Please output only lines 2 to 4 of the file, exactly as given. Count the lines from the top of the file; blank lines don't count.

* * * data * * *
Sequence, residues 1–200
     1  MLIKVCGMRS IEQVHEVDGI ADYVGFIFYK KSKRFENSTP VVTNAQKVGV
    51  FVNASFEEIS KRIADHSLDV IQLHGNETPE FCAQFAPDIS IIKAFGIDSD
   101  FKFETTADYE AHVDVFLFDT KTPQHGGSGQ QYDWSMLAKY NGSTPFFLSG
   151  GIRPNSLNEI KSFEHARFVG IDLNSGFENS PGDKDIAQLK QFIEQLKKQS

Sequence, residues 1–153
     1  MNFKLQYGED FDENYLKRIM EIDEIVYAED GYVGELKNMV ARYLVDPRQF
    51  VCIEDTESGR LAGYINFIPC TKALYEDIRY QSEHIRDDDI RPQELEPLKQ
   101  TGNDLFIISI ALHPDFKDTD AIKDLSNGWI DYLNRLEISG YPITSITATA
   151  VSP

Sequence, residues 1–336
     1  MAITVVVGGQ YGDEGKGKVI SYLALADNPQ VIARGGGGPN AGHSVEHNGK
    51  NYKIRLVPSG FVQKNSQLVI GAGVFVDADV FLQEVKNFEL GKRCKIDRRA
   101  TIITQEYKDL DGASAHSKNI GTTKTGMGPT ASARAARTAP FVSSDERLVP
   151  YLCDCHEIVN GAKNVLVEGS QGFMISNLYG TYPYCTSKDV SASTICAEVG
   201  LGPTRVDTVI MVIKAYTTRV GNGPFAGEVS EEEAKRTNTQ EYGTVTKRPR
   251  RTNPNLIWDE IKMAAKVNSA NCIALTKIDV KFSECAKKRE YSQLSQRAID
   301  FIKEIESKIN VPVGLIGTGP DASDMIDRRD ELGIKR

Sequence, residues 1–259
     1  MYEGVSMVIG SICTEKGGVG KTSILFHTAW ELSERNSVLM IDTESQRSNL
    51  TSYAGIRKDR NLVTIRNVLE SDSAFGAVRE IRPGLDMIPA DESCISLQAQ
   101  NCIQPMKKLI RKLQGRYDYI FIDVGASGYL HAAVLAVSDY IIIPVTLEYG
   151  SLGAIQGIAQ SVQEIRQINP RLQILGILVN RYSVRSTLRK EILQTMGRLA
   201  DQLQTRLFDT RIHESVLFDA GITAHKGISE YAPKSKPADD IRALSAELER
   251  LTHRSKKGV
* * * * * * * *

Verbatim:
     1  MLIKVCGMRS IEQVHEVDGI ADYVGFIFYK KSKRFENSTP VVTNAQKVGV
    51  FVNASFEEIS KRIADHSLDV IQLHGNETPE FCAQFAPDIS IIKAFGIDSD
   101  FKFETTADYE AHVDVFLFDT KTPQHGGSGQ QYDWSMLAKY NGSTPFFLSG